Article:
Spending an hour or so going over your notes after each class may seem like a big commitment, but it will help you in the long term. Going through your notes while the content is still fresh in your mind will help cement the content much better. This will also give you time to identify anything you don’t get, and you can ask your professor any questions right away, and you won’t have to worry about it later.
Depending on the difficulty of the subject matter that will be tested, you may need to start studying a week or two before the test day. The key to staying on track from day 1 of studying to the day of the test is to organize all the material into chunks that you can tackle everyday.
You can do this by chapters, note date ranges (i.e. everyday you will study 3 days’ worth of notes), subjects, or anything else you find appropriate. Spend the last day or two doing an overall review, tying all the notes together so you can more intuitively recall it during your test.
This tip is powerful because spending an hour or two everyday on easy, digestible chunks of material can add up to 10-20 hours of time spent studying for a test. This will also allow you to catch anything that you don’t understand particularly early enough that you can clarify with your professor.
This includes highlights, extra notes on the side, and anything else that you find is useful. Not only will this help cement material in your head, but when you go back to these notes for your midterm and our final, it will be easier for you to study since all the important information is marked. If the class is particularly difficult, you can even choose to rewrite the notes in a neater and more organized way, so you can go back to them as often as you like.
Studying with your peers helps you challenge yourself. Explaining the material to others can help reinforce it into your mind. And if there’s something that’s unfamiliar to you, you can ask those you’re studying with, and one person is guaranteed to know something about it and you can get instant answers. Just make sure to stay on track, and it will be the most effective way to study.
In reality, you should be responsible enough to not let it get to this point. But sometimes, with all the things that come with being a student, you may need to pull an all-nighter to get some major studying in.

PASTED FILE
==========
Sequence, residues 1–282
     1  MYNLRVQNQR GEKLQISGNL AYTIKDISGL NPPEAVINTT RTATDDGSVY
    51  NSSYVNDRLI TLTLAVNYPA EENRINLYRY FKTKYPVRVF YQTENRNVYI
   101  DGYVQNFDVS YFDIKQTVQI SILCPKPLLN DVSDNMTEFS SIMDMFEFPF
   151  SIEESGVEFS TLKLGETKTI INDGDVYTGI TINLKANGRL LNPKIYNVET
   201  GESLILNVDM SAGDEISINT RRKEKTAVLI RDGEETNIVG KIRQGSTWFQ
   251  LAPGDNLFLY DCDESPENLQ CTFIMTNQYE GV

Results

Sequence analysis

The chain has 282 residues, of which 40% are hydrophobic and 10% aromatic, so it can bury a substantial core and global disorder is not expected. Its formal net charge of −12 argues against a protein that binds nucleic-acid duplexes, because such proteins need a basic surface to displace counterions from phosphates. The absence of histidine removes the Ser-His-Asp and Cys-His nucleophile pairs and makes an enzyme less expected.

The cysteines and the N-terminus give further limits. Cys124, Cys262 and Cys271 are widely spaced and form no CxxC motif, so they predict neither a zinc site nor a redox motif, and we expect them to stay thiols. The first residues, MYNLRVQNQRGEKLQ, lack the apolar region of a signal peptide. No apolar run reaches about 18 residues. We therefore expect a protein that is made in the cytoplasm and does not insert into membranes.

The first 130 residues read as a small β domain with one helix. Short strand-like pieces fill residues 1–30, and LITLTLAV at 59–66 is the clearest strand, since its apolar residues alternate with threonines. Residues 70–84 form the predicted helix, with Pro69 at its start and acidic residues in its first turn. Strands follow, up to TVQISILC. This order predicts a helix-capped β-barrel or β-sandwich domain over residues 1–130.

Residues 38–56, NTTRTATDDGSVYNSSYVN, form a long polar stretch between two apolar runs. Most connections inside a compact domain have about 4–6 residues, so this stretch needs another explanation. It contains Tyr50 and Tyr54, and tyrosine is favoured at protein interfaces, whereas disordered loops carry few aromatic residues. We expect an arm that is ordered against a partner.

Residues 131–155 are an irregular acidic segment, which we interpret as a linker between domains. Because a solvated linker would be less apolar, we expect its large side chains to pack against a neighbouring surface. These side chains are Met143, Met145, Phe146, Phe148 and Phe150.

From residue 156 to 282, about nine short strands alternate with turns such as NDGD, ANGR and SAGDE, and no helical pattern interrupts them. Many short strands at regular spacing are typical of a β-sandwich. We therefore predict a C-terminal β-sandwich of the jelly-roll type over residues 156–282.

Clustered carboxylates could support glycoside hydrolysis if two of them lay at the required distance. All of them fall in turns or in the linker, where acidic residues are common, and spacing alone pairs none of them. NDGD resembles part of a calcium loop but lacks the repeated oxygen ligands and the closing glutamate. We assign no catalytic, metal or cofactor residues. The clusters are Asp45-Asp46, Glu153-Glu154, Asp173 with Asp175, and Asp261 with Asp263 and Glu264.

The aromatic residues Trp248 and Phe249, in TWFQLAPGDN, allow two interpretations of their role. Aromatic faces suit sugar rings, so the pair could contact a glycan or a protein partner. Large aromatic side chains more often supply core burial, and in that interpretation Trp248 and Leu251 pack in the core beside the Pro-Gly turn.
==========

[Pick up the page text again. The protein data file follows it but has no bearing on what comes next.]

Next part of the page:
In the day leading up to your all-nighter, try and catch an hour or two of naps throughout the day so you aren’t completely sleep deprived. Do it in between classes, take a shorter lunch, and maybe even skip a meeting if you need to.
A room of about 75 F that’s brightly lit is the best environment to stay up all night in. Both these factors are going to keep you awake and alert. Layer up if you can’t control the temperature of your study room. Make sure to stock up on protein bars and carbs to keep the energy levels up, and avoid sugary snacks, which can just cause you to crash.
Unless the test is short, or the material is easy, chances are, you’re not going to get to everything you need to study. Go through your material and study what you think is important, likely to appear on the test, or particularly difficult for you first, then study everything else. That way, even if you run out of time to study, you still at least got to the most important parts.
Do not try and pull two all-nighters in a row. Not only will doing that wreck your body, you will do significantly worse the next day and will not be able to absorb the material. If you need to move some responsibilities around (i.e. sports practice, club meetings, etc.), do so. Your health is the most important part of all this.